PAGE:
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This New Camera Technology Can Detect Colour of Gases Invisible to the Naked Eye

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Last Updated: November 08, 2020, 12:44 IST

Image for representative purpose.

Image for representative purpose.

Gases like hydrogen, carbon and sodium, have a unique colour in the infrared spectrum. These gases have a colour but the same is not visible to the naked eye.

New research done by Tel Aviv University will now allow cameras to recognise colours that the human eye cannot perceive. It is in fact also being claimed that this light also cannot be perceived by ordinary cameras.

Research published in psy.org has mentioned a technology which can now make image gases. Gases like hydrogen, carbon and sodium, have a unique colour in the infrared spectrum. These gases have a colour but the same is not visible to the naked eye.

These colours of gases have a variety of applications in fields ranging from computer gaming and photography to security, medicine and astronomy.

The research has been conducted by Dr Michael Mrejen, Yoni Erlich, Dr Assaf Levanon and Prof. Haim Suchowski of TAU’s Department of Physics of Condensed Material.

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Dr Michael Mrejen said, “The human eye picks up photons at wavelengths between 400 nanometers and 700 nanometers—between the wavelengths of blue and red. But that’s only a tiny part of the electromagnetic spectrum, which also includes radio waves, microwaves, X-rays and more. Below 400 nanometers there is ultraviolet or UV radiation, and above 700 nanometers there is infrared radiation, which itself is divided into near-, mid- and far-infrared.”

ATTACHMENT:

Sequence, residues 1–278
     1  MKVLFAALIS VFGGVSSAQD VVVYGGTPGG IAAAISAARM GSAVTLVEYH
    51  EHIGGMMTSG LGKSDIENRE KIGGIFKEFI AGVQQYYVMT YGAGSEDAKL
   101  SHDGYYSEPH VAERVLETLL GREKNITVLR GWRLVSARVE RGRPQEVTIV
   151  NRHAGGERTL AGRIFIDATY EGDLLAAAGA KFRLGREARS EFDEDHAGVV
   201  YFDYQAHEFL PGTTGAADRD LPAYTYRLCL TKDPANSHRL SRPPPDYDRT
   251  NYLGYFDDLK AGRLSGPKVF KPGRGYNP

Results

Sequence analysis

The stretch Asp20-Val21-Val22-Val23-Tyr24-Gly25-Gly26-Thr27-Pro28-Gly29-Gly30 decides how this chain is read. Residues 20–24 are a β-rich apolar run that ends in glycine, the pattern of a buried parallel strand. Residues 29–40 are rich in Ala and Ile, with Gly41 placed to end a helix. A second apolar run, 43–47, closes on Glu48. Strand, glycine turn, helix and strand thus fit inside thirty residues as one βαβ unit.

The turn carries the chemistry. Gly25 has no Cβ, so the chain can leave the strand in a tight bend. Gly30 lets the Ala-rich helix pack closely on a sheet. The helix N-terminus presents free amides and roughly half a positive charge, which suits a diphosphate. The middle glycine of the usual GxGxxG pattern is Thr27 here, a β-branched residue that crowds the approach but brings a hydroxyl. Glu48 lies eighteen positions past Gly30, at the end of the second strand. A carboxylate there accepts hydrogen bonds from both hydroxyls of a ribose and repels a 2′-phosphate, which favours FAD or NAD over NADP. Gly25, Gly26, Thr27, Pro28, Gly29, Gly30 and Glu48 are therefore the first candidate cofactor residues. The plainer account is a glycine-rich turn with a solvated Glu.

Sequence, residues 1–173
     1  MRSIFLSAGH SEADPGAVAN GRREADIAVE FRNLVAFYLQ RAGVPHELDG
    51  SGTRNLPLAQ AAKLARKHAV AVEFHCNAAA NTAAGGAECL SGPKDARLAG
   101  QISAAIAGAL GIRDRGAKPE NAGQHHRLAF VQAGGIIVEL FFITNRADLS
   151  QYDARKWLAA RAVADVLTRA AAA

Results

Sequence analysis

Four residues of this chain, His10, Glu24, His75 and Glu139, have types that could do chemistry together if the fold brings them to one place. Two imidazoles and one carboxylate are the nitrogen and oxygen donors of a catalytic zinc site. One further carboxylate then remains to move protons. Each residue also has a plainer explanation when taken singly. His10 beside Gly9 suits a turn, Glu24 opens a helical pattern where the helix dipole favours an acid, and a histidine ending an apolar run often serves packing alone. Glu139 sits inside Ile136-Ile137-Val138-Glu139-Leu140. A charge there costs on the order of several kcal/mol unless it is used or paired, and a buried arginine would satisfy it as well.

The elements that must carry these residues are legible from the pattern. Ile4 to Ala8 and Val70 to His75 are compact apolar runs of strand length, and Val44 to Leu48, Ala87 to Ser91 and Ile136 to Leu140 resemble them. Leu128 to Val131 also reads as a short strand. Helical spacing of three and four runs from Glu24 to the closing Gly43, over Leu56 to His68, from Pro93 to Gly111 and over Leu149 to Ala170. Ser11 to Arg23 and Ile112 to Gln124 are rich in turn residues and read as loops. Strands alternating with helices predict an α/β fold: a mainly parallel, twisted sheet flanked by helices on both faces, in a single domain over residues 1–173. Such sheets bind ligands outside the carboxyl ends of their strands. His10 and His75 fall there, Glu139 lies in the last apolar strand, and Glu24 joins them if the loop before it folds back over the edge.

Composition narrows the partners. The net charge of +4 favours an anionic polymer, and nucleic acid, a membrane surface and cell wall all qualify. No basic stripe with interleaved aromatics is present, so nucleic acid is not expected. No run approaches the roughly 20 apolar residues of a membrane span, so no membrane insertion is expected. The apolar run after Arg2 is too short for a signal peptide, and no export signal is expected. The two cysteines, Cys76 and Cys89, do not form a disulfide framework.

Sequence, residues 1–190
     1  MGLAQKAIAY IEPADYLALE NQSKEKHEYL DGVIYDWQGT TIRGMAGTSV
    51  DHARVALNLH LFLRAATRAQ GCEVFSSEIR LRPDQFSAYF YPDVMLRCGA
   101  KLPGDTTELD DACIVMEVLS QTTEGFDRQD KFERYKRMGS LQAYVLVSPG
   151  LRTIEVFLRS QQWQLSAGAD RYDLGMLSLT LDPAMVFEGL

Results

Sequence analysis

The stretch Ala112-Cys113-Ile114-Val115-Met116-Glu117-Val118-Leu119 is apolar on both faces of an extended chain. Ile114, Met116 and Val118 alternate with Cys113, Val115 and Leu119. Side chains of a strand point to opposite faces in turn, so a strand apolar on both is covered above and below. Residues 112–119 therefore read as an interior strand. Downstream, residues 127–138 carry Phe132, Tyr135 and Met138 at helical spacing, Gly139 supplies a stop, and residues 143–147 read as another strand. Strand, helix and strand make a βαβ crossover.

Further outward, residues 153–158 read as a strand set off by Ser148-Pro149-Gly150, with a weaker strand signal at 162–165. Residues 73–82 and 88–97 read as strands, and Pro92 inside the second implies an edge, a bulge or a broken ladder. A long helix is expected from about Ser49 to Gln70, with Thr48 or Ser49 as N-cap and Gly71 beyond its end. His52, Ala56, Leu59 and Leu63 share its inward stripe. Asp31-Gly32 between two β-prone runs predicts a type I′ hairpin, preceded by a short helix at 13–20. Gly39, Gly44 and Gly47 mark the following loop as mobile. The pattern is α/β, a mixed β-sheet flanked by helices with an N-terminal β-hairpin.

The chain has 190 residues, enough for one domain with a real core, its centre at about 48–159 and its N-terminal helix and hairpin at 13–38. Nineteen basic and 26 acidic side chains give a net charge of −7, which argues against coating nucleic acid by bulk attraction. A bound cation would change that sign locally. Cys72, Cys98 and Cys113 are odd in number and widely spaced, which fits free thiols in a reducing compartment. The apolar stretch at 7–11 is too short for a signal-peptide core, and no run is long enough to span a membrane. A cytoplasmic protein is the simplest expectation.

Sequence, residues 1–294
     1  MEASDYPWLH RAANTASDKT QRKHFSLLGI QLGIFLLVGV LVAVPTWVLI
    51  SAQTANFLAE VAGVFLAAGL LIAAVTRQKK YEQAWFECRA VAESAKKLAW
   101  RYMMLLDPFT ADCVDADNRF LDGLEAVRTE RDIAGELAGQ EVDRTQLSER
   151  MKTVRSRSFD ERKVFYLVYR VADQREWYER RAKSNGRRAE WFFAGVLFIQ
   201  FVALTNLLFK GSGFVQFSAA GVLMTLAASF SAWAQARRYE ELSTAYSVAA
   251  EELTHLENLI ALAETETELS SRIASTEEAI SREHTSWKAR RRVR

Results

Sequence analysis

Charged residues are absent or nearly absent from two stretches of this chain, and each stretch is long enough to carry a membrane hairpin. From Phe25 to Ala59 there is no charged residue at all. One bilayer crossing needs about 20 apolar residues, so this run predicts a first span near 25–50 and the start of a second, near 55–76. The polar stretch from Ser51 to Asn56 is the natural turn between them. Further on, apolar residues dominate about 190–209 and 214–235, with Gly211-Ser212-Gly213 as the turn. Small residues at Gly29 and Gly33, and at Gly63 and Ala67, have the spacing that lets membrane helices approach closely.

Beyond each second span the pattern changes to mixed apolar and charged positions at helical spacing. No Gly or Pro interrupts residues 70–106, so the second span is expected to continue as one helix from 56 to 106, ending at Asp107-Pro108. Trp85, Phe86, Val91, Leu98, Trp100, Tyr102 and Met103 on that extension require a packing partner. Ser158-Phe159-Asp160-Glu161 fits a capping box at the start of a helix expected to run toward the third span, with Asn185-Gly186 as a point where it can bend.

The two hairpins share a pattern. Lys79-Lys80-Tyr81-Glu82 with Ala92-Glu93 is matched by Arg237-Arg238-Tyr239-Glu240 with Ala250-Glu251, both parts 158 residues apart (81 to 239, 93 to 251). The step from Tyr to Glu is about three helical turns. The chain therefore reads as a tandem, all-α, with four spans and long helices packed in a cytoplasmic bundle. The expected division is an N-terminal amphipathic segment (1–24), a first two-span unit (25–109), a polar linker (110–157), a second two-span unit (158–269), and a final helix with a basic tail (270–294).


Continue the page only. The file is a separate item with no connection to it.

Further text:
Further substantiating the stance, the expert added, “In each of these parts of the electromagnetic spectrum, there is a great deal of information on materials encoded as ‘colours’ that has until now been hidden from view.”

The study mentions that the infrared detection technologies that currently exist are expensive and mostly unable to render those colours. In medical imaging, experiments have been done in which infrared images are converted into visible light to identify the cancer cells by the molecules.

However, this mechanism which involves conversion needs very sophisticated and expensive cameras, which are not easily accessible for general use. In the study, the researchers have been able to come up with a cheap and efficient technology that can mount on a normal camera.

Prof. Suchowski said, “We humans can see between red and blue. If we could see in the infrared realm, we would see that elements like hydrogen, carbon and sodium have a unique colour. So an environmental monitoring satellite could ‘see’ a pollutant being emitted from a plant, or a spy satellite would see where explosives or uranium are being hidden. In addition, since every object emits heat in the infrared, all this information could be seen even at night.”

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first published:November 08, 2020, 12:44 IST
last updated:November 08, 2020, 12:44 IST